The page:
We use a warehouse (old, small, with hardly any facilities) next to the Trent and Mersey canal for our art group. Most weeks we do art, pottery, painting, drawing etc. Thus week we had to clear out the kitcgen/store so that it can be demolished and rebuilt as a kitchen and a disabled toilet next to it. So we had to clear a lot of stuff out, including a lot of clay. This is only half of the stuff. It was quite heavy to move. I was going to take it away in my car but compromised on storing it in the building. It’s pleasing to be able to do something physical for a change.
At Etruria Artists today we painted mugs, they were blank white mugs and we used on glaze paints that stay the same colour when they are heated. The most exciting thing is that they can be heated in an ordinary domestic oven. They have to be dried for twenty four hours, then heated at 150°C or gas mark 2 for 35 minutes to bake the colours in.
The outside photo is lock 40 on the Trent and Mersey canal. It was a beautiful morning, bright and sunny. I really do prefer coming to Etruria Artists ‘hands on Art’ at the Warehouse next to the lock in the morning rather than the evening. It is on from 10am to 12 noon if anyone wants to come along.
There is plenty to see on a short walk in the area around the Etruria Industrial museum at Etruria, Stoke-on-Trent.
There was a very cold wind blowing along the canal towpath so we only had a short walk. We took a look at the cygnets on the canal, they were on their own so presumably their parents have left them now. I wish we had taken some duck food with us. There were plenty of other birds about including ducks and geese, a rook or crow and magpies.
Some of the industrial buildings in the area are more visible now the leaves are off the trees. One of these is the tall chimney that is on the industrial estate behind Jessie Shirley’s flint and bone mill, which is attached to the Etruria Industrial museum.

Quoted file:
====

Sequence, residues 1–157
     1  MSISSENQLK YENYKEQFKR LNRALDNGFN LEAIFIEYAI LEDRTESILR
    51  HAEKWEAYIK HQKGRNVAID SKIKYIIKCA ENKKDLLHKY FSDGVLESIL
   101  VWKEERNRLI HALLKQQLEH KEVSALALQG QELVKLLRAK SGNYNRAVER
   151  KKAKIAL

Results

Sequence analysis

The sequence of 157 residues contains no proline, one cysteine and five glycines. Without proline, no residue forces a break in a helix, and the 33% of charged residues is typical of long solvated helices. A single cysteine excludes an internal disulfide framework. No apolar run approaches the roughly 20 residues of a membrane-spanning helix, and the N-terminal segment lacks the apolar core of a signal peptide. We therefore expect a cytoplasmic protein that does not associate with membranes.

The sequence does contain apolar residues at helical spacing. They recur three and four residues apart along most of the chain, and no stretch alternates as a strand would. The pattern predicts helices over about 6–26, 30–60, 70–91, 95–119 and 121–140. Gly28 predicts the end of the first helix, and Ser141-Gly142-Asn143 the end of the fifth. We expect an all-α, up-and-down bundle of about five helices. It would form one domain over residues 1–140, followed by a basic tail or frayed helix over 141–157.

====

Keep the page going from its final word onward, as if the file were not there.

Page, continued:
One of the boats on the canal had smoke rising from its chimney, which made me think of hot tea and toast. We soon got back to our car, and put the car heater on to warm up. Brrr
I had already hollowed this head out a bit but I was able to carve out more today. I came across several bubbles so at least it’s less likely to explode if it does get fired. The grey pile is the scraped out clay. X
Finished off my take on an Easter island head this week by hollowing it out and adding texture to the surface. It now needs to dry out so it can be fired. If the clay is wet the water in it will expand and may cause the pottery to blow up. It may not be an accurate representation of these wonderful statues, but I hope it is not disrespectful to model it?
We have started to meet on Thursday mornings at Etruria rather than in the evenings, this means we are there at the warehouse on the Trent and Mersey canal by summit lock 40. From 10am to 12 noon.
* note, we are meeting on an ad hoc basis at the moment dependant on the weather.
Four of us visited the Warehouse at Etruria today, its by the summit lock 40 on the Trent and Mersey canal, near Etruria Industrial museum, Stoke-on-Trent.
The subject was Easter Island heads, and I decided to try and work out how to slab build it, which is why I did a drawing of it first. Then because we decided to do smaller statues we decided to carve the clay instead. The results are shown in the middle pictures. Finally I talked to my friend Robert, who is a Potter and leader of the group. He explained that we should have glued bits on with slip if we wanted the pieces firing.
The final photo is one of my hubby’s drawings in response to the ideas. I liked what he was doing and took a photo. He explained he was working on ideas from Barbara Hepworth.
What a long weekend! Two days manning the pop up exhibition at Etruria. I didn’t have much time to look at the static steam engines on display yesterday or the classic cars today. The place wasn’t buzzing but there was a constant stream of people coming in. Most of them were interested in what we were doing, what the building used to be used for, or decided to let their children make things with clay. A few people walked in took one look and walked out again. Sometimes they even asked where the tea room was.
Etruria Artists had paintings, photos, ceramics, jewellery and even painted stones on display. It was good to share the space with other artists there. I even bought a pottery frog, a mug and a whale.
So many people to talk to, to help, to explain to. I also helped a bit children with modelling clay. My friends usually do this and I just helped when they were not around. We made frogs and ladybirds, and an owl. Sadly I didn’t take any photos of the pieces as I forgot my phone.